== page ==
Media contact: Noelle Lemoine, communications assistant; tele: (413) 597-4277; email: [email protected]
WILLIAMSTOWN, Mass., Dec. 4, 2007 — Williams College announced today the launching Jan. 2 of a center at Mt. Greylock Regional School with the goal of maximizing the academic value the college can provide the school.
“Williams students, faculty, and staff are already involved in a number of ways at the school,” President Morton Owen Schapiro said, “but there’s potential for so much more. Through this center we aim to work more closely with Mt. Greylock faculty to realize this fuller potential, to the benefit of both institutions.”
The center’s coordinator will be Kaatje White, who has worked on many collaborations involving Williams and local schools.
“While facing the financial and other challenges that currently confront all public schools, Mt. Greylock is a strong school in many ways,” White said, “and with the greater involvement of Williams students, faculty, and staff, it can become an even more exciting place to teach and learn. Everyone I’ve talked to at the school and the college about the development of a center have been excited.”
White will coordinate the educational collaborations that already exist between the school and the college, develop new ones, and ensure that center activities focus on enhancing the school’s mission.
The principles guiding the center will be that it:
Benefit all students at the school
Focus on core academic skills
Accent the excitement of teaching and learning those skills
Engage all relevant school faculty
Engage as many college students, faculty, and staff as possible
Start by coordinating current efforts but with an eye to growing them
Result in no financial burden on the school.
Announcement of the center’s launching was made at the Dec. 4 meeting of the Mt. Greylock School Committee, where the Long-Range Financial Planning Subcommittee issued its final report. One of the report’s recommendations was that the school work to enhance greatly its collaborations with Williams.
“Since Mt. Greylock’s educational quality and finances are so intertwined,” the report said, “the greatest potential advance for the school may be the development of a much stronger relationship than already exists with the educational powerhouse that is Williams.”
The school currently makes use of several college facilities, including for science labs and athletics, and the college passes on to the school equipment it no longer uses, such as computers. School science faculty work with college faculty in the summer to prepare labs for school courses and Mt. Greylock students are eligible to take part in science research at the college in the summer. Other college faculty are directly involved with high school classes and college students volunteer at the school and tutor Mt. Greylock students at various levels. College students offer most of the workshops in Where’d You Learn That?! — an after-school program for Mt. Greylock Middle School students, which the college financially supports. Qualifying Mt. Greylock seniors are eligible to take one course each semester at Williams for free.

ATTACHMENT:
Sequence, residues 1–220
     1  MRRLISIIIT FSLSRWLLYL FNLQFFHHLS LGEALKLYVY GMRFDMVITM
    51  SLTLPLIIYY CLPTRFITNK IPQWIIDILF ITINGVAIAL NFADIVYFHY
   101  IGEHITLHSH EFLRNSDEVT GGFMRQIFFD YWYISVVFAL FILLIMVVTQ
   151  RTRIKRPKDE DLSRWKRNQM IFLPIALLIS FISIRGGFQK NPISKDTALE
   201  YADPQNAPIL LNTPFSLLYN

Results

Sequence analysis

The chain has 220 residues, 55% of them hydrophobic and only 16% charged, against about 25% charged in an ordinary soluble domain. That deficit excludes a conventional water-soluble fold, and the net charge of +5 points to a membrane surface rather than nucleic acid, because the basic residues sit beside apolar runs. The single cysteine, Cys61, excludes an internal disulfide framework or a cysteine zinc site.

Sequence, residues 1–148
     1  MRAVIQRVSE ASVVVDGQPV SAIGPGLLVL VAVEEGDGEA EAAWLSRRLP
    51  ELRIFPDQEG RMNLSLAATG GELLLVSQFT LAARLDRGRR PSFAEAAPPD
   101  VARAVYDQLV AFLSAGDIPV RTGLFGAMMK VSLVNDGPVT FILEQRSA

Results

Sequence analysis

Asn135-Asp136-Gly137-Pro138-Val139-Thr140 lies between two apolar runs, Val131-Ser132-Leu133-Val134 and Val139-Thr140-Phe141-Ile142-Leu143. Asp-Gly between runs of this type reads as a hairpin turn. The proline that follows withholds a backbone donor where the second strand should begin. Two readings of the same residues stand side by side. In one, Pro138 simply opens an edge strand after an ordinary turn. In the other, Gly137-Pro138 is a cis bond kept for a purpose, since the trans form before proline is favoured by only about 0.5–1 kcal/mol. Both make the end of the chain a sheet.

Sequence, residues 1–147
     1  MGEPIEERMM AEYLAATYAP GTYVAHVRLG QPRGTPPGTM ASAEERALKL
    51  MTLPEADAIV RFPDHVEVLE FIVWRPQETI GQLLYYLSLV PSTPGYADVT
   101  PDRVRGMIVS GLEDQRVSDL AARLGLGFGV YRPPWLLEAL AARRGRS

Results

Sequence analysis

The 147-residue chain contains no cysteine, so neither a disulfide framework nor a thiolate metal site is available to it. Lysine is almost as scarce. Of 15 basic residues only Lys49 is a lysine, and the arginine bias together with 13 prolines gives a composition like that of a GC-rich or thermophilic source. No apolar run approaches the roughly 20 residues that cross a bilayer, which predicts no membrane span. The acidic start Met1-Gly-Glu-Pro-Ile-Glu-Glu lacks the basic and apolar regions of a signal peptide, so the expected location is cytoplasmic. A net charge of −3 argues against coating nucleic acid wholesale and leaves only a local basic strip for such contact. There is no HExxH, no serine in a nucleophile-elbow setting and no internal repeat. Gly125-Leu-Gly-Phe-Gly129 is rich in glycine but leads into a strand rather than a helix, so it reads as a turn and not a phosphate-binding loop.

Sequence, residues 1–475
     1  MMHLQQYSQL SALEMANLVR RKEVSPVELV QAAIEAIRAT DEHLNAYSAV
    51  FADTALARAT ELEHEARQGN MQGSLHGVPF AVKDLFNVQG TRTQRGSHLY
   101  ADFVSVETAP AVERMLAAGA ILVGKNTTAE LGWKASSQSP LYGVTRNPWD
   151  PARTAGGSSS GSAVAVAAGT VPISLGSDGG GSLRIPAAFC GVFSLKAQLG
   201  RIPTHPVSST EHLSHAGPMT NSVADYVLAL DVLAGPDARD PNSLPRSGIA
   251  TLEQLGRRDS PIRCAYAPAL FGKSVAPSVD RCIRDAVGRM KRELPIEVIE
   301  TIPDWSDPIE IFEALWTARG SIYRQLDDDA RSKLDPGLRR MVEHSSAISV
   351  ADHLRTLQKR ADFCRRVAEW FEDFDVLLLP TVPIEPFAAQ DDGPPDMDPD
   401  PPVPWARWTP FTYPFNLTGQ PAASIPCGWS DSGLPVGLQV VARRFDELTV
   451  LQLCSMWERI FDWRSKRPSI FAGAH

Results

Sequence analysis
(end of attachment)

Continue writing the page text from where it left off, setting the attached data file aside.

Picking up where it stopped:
As part of the college’s program of Olmsted Awards, Mt. Greylock each year receives $5,000 to grant faculty for professional or curricular development. Williams has also donated funds to the school in support of specific projects, including the purchase of student information software, professional support for the most recent superintendent search, and outside consulting for efforts such as coordination of the math curriculums at Mt. Greylock and its feeder schools.
White has served as co-founder and co-director of Where’d You Learn That?! and as co-director of Adventures in Learning, an after-school enrichment program at Williamstown Elementary School, supported by Williams and taught mostly by the college’s students. She also coordinates the college’s involvement in the federal programs America Counts and America Reads, through which more than 50 Williams students work in local schools as tutors and teaching assistants. At Williamstown Elementary she has directed the summer program and co-directed the before-school language program and she has served as interim administrator of the Howard Hughes Science Outreach Program, through which, among other things, 40 Williams students serve as teaching assistants at elementary schools in Williamstown and North Adams. She has served also as a member of the Williamstown Elementary School Committee.
Mt. Greylock Superintendent William Travis responded to the announcement by saying: “A Williams College Center at Mt. Greylock is potentially the most significant educational enhancement the district has received. Unlike a grant, which has a fixed purpose and funding cycle, the center’s guiding principles will help bolster our teachers’ instructional strengths, expose our students to new intellectual opportunities, and enhance the resources needed to help all our students meet high, rigorous goals.”